There is a trend sweeping across the U.S. prohibiting Employers, Agencies and Search Firms from asking applicants/candidates about their salary histories.
This means that dreaded interview question: “How Much Are You Currently Earning?” is becoming a question that can no longer be asked.
For job hunters, this is awesome news! For Employers, Agencies & Search Firms this means you must alter the way you have been interviewing, qualifying and extending offers of employment. These new laws are passing to fight wage discrimination, eliminate pay gaps and end pay disparities. The concept behind this movement is that employers should use labor market data, the candidate’s job experience, skills, education, and performance in the interview process to set salary. You know… set compensation based on qualifications, not a candidate’s salary history. This trend looks like it will sweep across the nation so it’s wise to alter your recruiting and hiring practices now.
Where Is the Salary Question Currently Banned?
- California banned private and public employers from asking about a candidate’s pay history.
- Delaware banned all employers from asking candidates about their salary history.
- Massachusetts As of July 2018 – all employers are prohibited from inquiring about a candidate’s pay history.
- New Orleans banned inquiries about all city departments and employees.
- New York City has banned public and private employers from asking about a candidate’s pay history.
- Oregon banned all employers from inquiring about a candidate’s salary history.
- Philadelphia banned all employers from inquiring about a candidate’s salary history.
- Pittsburgh banned inquiries about all city departments and employees.
- Puerto Rico As of March 2018 – all employers are prohibited from inquiring about a candidate’s pay history.
What Do the Laws Prohibit?
The law prohibits employers and anyone acting on their behalfs, such as employment agencies and search firms, from inquiring about the salary and bonus history of candidates. Then using the information in determining the new compensation program offered.
What is Prohibited?
- Asking candidates about or soliciting information about prior earnings or benefits (e.g. inquiries on employment applications asking for salary history are prohibited; however, inquiries asking about salary expectations are permissible).
- Asking candidates current or former employers about a candidates current or prior earnings or benefits (Note: employers may NOT ask for W-2 information unless the applicant voluntarily offers information about salary history).
What Questions Can I Ask About Compensation?
- You may ask the candidate about their expectations with respect to salary, benefits, and other compensation.
- You may discuss with the candidate the unvested equity or deferred compensation that a candidate would forfeit or have cancelled by the candidate’s resignation from their current employer and the value and structure of the deferred compensation or unvested equity.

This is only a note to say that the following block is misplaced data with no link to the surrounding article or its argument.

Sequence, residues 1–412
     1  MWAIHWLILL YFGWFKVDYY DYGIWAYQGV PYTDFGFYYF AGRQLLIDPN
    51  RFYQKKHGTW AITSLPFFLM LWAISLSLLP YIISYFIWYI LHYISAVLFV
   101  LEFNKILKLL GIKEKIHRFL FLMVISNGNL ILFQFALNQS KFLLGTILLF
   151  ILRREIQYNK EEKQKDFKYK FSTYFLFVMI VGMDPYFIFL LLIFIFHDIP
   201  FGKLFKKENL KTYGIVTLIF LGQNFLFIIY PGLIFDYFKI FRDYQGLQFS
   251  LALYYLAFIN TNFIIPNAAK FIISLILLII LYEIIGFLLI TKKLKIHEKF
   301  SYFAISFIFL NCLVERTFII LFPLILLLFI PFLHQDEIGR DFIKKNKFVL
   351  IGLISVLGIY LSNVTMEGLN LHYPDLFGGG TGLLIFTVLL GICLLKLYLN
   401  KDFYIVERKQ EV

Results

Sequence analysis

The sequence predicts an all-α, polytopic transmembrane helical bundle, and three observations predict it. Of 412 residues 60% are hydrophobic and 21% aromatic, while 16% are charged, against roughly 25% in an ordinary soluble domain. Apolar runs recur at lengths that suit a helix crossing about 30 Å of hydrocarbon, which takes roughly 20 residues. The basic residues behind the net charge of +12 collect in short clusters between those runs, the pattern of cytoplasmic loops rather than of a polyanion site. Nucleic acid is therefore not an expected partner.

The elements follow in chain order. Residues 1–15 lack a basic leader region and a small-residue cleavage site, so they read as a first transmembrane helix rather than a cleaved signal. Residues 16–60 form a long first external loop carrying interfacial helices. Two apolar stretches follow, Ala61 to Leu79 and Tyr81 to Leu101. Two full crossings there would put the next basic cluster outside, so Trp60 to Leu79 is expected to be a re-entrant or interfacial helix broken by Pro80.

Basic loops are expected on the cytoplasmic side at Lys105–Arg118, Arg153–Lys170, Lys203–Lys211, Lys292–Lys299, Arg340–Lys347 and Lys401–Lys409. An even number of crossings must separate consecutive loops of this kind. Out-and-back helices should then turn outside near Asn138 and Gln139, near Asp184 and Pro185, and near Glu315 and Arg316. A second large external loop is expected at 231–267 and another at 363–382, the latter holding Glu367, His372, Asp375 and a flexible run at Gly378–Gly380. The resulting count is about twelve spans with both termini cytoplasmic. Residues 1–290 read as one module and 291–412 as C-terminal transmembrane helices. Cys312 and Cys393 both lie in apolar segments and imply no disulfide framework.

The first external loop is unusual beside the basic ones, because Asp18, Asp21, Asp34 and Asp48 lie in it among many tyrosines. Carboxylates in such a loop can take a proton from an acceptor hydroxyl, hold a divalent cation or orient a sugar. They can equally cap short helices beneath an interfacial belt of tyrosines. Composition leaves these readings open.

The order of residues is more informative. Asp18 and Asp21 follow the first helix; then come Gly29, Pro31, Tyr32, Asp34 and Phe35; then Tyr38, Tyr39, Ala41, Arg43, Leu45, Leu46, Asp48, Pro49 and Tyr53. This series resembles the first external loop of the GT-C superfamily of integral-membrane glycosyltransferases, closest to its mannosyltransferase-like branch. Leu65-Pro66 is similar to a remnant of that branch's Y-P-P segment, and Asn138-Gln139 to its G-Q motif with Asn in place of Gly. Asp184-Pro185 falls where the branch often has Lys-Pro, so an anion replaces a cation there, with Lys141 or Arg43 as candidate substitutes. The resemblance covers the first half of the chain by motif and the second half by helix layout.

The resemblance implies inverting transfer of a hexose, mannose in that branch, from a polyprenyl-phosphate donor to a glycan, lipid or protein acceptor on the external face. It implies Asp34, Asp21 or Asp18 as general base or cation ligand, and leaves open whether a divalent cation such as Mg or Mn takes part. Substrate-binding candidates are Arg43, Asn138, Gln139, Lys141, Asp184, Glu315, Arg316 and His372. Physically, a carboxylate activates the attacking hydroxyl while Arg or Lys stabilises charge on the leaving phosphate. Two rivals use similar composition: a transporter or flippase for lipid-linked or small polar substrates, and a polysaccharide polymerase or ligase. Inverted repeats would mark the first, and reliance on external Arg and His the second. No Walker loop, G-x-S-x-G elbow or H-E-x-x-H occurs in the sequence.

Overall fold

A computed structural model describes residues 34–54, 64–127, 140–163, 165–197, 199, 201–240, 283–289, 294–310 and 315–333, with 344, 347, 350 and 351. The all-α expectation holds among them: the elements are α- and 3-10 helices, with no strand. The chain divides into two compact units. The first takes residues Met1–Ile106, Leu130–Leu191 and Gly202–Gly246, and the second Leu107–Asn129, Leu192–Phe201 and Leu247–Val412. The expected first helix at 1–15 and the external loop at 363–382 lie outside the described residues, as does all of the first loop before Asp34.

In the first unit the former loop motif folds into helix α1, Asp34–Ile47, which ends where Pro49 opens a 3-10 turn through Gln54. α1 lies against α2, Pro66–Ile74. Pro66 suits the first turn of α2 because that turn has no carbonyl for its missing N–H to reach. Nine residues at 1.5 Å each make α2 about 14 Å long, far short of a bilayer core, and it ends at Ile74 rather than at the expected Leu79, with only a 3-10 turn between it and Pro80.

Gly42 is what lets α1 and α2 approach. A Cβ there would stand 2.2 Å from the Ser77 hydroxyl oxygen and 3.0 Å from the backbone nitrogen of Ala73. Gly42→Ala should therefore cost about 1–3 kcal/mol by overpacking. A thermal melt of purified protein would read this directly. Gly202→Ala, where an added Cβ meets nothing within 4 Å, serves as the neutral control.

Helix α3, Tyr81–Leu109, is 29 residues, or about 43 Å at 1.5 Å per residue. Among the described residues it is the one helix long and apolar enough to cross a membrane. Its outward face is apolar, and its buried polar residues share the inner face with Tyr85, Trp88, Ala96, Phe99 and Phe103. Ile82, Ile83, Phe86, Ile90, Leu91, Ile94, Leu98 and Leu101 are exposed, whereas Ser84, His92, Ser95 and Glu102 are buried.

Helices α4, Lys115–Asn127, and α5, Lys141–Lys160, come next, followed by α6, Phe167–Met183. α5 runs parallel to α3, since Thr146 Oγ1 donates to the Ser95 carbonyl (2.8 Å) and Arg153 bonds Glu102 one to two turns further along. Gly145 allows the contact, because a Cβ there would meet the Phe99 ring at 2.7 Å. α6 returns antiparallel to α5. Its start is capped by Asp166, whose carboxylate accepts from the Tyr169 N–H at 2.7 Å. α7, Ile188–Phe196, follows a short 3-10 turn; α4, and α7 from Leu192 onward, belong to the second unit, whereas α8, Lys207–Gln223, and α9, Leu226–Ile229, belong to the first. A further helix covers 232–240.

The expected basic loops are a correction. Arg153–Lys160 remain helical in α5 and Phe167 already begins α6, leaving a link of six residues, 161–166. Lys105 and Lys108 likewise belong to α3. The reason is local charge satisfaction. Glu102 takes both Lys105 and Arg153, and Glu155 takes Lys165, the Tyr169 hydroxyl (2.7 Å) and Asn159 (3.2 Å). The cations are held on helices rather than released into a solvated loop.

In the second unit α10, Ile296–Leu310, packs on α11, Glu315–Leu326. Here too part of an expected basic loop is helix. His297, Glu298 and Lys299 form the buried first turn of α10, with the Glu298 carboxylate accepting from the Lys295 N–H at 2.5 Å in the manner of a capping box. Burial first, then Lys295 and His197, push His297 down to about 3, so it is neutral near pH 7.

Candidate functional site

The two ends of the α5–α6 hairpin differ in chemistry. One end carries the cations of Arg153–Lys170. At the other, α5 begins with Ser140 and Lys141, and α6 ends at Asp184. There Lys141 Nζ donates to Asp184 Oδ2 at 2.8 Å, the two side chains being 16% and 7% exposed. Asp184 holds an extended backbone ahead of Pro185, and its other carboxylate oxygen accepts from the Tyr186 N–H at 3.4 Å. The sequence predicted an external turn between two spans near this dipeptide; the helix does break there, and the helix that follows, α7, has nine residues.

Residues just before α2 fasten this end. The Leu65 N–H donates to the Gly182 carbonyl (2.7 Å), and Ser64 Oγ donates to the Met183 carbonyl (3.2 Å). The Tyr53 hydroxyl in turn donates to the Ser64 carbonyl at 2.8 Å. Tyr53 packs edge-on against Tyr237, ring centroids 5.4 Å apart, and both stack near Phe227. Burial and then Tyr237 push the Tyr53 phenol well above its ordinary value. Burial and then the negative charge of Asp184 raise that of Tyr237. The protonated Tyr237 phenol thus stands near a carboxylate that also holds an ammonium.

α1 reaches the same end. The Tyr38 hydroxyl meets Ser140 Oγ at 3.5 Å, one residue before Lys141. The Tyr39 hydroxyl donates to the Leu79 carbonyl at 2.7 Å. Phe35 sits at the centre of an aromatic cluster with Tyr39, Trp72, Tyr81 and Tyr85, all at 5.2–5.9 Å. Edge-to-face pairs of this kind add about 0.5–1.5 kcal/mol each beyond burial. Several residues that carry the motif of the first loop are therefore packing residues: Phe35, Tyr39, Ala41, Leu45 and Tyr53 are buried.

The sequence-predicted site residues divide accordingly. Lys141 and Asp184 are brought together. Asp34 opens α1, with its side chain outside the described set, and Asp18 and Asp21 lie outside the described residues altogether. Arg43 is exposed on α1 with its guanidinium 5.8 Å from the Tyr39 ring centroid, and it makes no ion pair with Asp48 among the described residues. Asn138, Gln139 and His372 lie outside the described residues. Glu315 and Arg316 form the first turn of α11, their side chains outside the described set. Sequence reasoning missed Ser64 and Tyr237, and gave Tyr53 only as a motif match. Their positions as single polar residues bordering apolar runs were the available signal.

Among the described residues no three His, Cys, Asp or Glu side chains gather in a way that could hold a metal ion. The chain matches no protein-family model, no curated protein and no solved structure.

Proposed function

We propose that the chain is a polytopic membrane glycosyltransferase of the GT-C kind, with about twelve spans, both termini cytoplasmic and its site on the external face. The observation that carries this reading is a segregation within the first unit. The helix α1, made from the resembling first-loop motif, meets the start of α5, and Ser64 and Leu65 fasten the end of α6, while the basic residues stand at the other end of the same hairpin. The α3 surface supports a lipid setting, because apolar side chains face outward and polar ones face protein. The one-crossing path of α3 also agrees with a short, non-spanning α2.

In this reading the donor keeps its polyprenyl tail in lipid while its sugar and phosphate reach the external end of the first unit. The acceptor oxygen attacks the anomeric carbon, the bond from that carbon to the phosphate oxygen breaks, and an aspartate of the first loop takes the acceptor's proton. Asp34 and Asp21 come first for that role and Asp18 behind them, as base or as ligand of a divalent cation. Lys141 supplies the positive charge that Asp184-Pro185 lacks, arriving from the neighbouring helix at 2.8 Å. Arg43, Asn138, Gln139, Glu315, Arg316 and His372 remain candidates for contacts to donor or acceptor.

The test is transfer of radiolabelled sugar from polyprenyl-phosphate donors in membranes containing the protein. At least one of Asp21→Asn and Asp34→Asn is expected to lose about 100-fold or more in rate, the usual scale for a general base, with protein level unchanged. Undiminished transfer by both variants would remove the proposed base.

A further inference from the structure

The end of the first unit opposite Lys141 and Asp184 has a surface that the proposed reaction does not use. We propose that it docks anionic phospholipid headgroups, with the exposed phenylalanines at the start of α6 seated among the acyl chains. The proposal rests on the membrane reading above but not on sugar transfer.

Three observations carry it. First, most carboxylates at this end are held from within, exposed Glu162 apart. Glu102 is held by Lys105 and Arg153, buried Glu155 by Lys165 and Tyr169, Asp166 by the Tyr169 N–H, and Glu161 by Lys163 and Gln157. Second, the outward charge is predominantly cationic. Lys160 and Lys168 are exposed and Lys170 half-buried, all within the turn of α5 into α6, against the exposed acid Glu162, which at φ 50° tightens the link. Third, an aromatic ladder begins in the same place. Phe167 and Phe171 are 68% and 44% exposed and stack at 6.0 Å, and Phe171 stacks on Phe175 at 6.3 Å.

- You can ask a candidate about revenue, sales, and production, books of business, profits generated, or other objective indicators of performance. It’s also ok, to ask for documentation to verify this information. Note: it is NOT permissible to ask about the commissions a candidate earned.
What if the Applicant / Candidate Volunteers Salary Information?
If a candidate voluntarily, and without prompting, discloses salary history then and only then may an entity consider salary history in determining salary, benefits and other compensation for the candidate and in this situation, may verify the applicant’s salary history. However, we live in a litigious world and if a candidate does volunteer salary information, I would:
- Inform the candidate that by law, you are not permitted to ask questions about salary and bonus history.
- Document in your interview notes exactly what was said by the candidate and specifically note that this was voluntarily disclosed information.
What Are the Penalties for Asking Salary Information?
Violations of this law will result in steep penalties for employers: $250,000 for each willful (i.e., intentional and knowing) violation. $125,000 for each unintentional violation. In addition, you expose your company to lawsuits, backpay, compensatory damages and attorneys’ fees.
What Should I Do to Ensure Compliance?
Candidates (Job Hunters): STOP volunteering your current and past salary history when you are being interviewed for a new position.
Employers / Agencies / Search Firms:
- Review your employment application and qualification process and ensure that it does not contain a request for information regarding salary history (e.g., “prior salary” or “last rate of pay”).
- Make sure that managers and other staff involved in the hiring process know of the new laws.